PHH settles robo-signing allegations, but more regulatory battles loom
PHH Corp. settled allegations of foreclosure process abuses with 49 states that involved "inconsistent signatures" and improper certification of servicing documents.
The Mount Laurel, N.J.-based company will pay $45 million, including $31.5 million that will go to borrowers whose homes were foreclosed on or who were put into foreclosure between Jan. 1, 2009, and Dec. 31, 2012.
The allegations of misconduct by PHH Mortgage, a division of PHH Corp., were raised following a 2010 Multistate Mortgage Committee examination of its servicing activities. The MMC is a joint committee of the Conference of State Bank Supervisors and the American Association of Residential Mortgage Regulators.
The examiners alleged PHH failed to exercise proper control over foreclosure documents, allowed unauthorized executions, inconsistent signatures, and improper certification and notarization. In addition, the examinations found deficiencies in other internal controls, loan servicing and mortgage modifications.
PHH did not admit any liability or wrongdoing in the settlement agreement.
"We have agreed to resolve concerns raised by the MMC arising from its servicing examination conducted in 2010 and believe that settling this matter is in the best interest of PHH and its constituents," the company said in a statement. "Our decision to resolve this legacy matter under the terms of the settlement agreement and consent orders is not an admission of liability or that we violated any applicable laws, regulations or rules governing the conduct and operation of our servicing business during the relevant time frame."
The allegations echo alleged misconduct that was pervasive among mortgage servicers during the height of the foreclosure crisis that eventually became known as "robo-signing" due to workers being accused of improperly signing foreclosure documents without reviewing their contents or accuracy.
In addition to the monetary settlement, PHH agreed to adopt servicing standards and implement a testing and reporting process to ensure compliance.
"In fact, the servicing standards that we are required to adopt under the terms of the settlement are largely PHH's servicing standards today," the PHH statement reads. "We have made and will continue to make the necessary enhancements in our operations to ensure we remain compliant and continue to serve our customers in a fair and appropriate manner."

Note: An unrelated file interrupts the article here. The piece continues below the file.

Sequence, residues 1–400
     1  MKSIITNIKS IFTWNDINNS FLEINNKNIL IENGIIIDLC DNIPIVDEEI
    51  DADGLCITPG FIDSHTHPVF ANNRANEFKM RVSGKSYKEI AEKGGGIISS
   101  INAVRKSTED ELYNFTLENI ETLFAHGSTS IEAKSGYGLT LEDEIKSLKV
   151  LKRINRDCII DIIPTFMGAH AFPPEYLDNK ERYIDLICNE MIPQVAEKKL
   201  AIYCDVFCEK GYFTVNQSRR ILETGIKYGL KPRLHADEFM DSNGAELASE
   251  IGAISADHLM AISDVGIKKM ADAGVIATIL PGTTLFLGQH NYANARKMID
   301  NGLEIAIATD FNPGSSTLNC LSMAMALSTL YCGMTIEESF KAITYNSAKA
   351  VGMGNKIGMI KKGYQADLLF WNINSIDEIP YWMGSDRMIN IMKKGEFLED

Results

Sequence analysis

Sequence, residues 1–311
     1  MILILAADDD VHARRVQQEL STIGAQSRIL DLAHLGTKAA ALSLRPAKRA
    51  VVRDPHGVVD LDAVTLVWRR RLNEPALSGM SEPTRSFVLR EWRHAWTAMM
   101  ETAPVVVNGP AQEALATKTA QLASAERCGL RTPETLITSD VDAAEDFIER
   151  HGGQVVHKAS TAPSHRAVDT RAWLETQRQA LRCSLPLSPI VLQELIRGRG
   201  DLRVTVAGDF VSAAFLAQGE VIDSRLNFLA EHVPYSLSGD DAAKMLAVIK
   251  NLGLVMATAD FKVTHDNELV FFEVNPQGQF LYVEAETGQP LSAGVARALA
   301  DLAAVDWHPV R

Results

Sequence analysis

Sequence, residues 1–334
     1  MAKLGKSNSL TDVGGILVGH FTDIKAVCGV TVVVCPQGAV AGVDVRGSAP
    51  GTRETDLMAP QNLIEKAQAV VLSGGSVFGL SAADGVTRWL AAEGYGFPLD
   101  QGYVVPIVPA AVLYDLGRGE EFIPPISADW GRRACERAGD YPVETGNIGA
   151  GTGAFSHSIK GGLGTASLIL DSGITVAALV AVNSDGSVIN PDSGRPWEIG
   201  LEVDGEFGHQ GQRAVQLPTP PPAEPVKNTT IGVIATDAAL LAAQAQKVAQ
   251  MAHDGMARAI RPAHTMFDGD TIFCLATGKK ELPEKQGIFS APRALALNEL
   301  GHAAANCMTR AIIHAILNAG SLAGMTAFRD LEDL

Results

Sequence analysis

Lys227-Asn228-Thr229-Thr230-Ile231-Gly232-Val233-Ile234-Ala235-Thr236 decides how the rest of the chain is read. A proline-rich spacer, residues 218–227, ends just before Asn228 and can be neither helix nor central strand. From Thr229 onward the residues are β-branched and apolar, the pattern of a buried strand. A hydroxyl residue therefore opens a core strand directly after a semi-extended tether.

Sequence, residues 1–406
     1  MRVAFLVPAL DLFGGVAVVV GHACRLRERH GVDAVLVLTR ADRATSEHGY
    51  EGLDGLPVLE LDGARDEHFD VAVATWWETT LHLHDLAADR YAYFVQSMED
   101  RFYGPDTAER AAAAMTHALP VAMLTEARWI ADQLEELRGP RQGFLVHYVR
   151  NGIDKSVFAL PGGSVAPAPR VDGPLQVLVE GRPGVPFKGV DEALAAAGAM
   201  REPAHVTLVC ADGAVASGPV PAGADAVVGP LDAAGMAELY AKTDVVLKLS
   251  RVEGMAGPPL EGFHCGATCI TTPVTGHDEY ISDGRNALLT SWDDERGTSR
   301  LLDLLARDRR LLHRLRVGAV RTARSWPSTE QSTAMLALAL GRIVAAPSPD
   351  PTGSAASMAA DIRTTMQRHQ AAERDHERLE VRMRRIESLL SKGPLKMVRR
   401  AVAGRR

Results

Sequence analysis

There are 52,000 borrowers nationwide that will receive payment from the settlement, including 3,800 in California, according to a release from the California Department of Business Oversight.
The settlement was structured in two separate agreements. One is between PHH and attorneys general for 49 states and the District of Columbia. New Hampshire is the only state that did not participate in this agreement.
The second agreement is between PHH and banking regulators from 47 states and the District of Columbia. Colorado, Florida and New York did not participate in this agreement.
In November 2016, PHH entered into a settlement with the New York State Department of Financial Services for $28 million that included some allegations that were raised in the same 2010 MMC examination that underlies this most recent settlement.
With this latest settlement, 1,600 New York residents will receive payments, according to a press release from Attorney General Eric Schneiderman.
Borrowers who were foreclosed on during the three-year period will qualify for a minimum $840 payment, according to the press release from Schneiderman's office. Borrowers who did not lose their home but PHH referred them into the foreclosure process will receive a minimum $285 payment.
This is a different case than the one involving PHH's challenge to the constitutionality of the Consumer Financial Protection Bureau. That was filed after then-Director Richard Cordray fined the company $109 million for allegedly accepting kickbacks from mortgage insurers through marketing services agreements.
In another separate matter, PHH agreed to a $75 million settlement this past August with the U.S. Department of Justice to resolve allegations it violated the False Claims Act involving Federal Housing Administration-insured mortgages and for loans sold to Fannie Mae and Freddie Mac.